The red beard sponge grows to 8 inches tall and 12 inches in width. It varies in color from orange to bright red and has thick, intertwining branches and small, scattered pores.
Red beard sponges are filter feeders that feed by drawing water through their pores into their chambers. Beating, hair-like cilia capture food particles in the water. Unused water and waste products exit through another opening at the top of the sponge.
Reproduction and Life Cycle
These sponges reproduce both sexually and asexually. Asexual reproduction takes place when branches are damaged or broken off. The sponge fragments bud into new sponges. During sexual reproduction, eggs are fertilized within the sponge. Free-swimming larvae eventually settle to the bottom, where they find a hard surface to attach themselves to. Young sponges are usually thin and flat, rather than thick and branching.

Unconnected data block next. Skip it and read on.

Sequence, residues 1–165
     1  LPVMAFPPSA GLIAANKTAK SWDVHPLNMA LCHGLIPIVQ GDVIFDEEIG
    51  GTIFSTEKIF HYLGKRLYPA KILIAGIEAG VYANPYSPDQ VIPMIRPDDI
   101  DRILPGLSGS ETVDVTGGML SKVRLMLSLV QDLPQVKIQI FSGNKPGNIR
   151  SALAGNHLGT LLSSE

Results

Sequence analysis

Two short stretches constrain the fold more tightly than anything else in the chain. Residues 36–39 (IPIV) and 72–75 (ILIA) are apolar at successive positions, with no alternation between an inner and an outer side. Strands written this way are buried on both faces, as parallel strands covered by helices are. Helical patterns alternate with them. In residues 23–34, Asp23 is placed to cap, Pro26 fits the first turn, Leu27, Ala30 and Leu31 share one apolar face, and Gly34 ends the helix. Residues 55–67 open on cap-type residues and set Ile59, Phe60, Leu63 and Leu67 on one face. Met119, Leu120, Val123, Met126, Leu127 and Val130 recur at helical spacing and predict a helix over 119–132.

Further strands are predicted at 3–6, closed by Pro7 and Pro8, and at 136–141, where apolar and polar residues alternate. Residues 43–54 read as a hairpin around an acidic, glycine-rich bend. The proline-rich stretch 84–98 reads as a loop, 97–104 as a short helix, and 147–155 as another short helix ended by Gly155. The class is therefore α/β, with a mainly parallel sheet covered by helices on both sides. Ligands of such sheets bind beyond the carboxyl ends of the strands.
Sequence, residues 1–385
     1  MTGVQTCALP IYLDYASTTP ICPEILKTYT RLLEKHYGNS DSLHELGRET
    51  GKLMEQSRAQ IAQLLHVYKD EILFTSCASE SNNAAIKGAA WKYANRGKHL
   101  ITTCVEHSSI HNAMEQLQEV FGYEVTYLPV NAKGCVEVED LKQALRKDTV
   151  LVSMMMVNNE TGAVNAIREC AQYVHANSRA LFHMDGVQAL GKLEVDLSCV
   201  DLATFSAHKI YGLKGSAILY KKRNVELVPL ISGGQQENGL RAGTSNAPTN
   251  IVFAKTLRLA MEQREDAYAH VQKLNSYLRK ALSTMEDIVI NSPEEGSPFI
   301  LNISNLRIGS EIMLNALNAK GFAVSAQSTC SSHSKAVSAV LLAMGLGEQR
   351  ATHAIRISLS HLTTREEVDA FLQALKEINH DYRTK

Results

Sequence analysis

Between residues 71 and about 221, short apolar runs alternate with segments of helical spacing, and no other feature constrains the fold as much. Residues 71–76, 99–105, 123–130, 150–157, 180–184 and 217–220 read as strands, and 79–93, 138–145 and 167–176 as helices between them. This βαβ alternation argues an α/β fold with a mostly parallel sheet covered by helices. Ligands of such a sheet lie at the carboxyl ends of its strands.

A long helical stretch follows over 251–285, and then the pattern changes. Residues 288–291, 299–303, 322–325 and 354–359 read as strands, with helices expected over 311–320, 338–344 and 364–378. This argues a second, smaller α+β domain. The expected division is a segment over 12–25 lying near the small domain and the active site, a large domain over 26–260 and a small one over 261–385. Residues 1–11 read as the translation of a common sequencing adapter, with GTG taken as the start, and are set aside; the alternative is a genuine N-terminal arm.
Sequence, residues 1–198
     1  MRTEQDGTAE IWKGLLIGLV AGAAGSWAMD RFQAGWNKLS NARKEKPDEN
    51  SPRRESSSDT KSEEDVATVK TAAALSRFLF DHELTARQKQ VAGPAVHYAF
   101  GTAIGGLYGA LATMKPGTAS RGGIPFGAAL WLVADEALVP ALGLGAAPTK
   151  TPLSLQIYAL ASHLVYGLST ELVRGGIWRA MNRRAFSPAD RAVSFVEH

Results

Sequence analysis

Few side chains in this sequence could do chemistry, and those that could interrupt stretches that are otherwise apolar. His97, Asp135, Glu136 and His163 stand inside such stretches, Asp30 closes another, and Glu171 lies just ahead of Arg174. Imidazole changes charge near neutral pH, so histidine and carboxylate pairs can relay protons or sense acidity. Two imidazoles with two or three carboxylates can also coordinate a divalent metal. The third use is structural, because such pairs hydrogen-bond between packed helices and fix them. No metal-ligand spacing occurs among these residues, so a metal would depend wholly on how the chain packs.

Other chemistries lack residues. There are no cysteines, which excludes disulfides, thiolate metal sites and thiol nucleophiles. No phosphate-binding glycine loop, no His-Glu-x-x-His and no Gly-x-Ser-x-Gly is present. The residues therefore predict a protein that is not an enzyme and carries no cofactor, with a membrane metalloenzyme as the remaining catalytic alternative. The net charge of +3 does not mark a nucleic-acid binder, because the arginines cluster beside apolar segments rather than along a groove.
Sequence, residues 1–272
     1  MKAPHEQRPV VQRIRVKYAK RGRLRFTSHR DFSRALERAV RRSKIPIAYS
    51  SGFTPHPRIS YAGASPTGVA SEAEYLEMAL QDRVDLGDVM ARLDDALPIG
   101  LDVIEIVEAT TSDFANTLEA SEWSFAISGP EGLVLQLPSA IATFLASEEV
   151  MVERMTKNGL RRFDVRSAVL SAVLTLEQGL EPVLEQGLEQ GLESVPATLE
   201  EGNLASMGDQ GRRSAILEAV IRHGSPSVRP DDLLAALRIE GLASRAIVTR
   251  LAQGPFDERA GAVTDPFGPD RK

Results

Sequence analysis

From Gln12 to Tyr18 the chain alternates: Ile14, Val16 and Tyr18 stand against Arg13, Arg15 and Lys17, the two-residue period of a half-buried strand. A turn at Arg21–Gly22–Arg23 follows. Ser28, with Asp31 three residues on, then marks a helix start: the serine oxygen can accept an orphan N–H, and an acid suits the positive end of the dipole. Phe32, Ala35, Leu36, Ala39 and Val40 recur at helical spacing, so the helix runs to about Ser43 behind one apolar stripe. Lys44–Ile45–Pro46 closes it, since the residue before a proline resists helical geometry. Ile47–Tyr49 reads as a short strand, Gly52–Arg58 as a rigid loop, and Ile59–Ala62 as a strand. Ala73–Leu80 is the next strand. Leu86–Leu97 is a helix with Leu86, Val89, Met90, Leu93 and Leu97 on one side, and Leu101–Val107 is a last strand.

Did You Know?
- Sponges are animals, not plants. Red beard sponges are the most common sponge in the Chesapeake Bay.
- Red beard sponges cannot survive if taken out of water.
- Sponges provide important habitat for shrimp, worms, crabs and other small Bay creatures.
Sources and Additional Information
- Life in the Chesapeake Bay by Alice Jane Lippson and Robert L. Lippson
- Chesapeake Bay: Nature of the Estuary, A Field Guide by Christopher P. White
- Red-beard Sponge – University of Rhode Island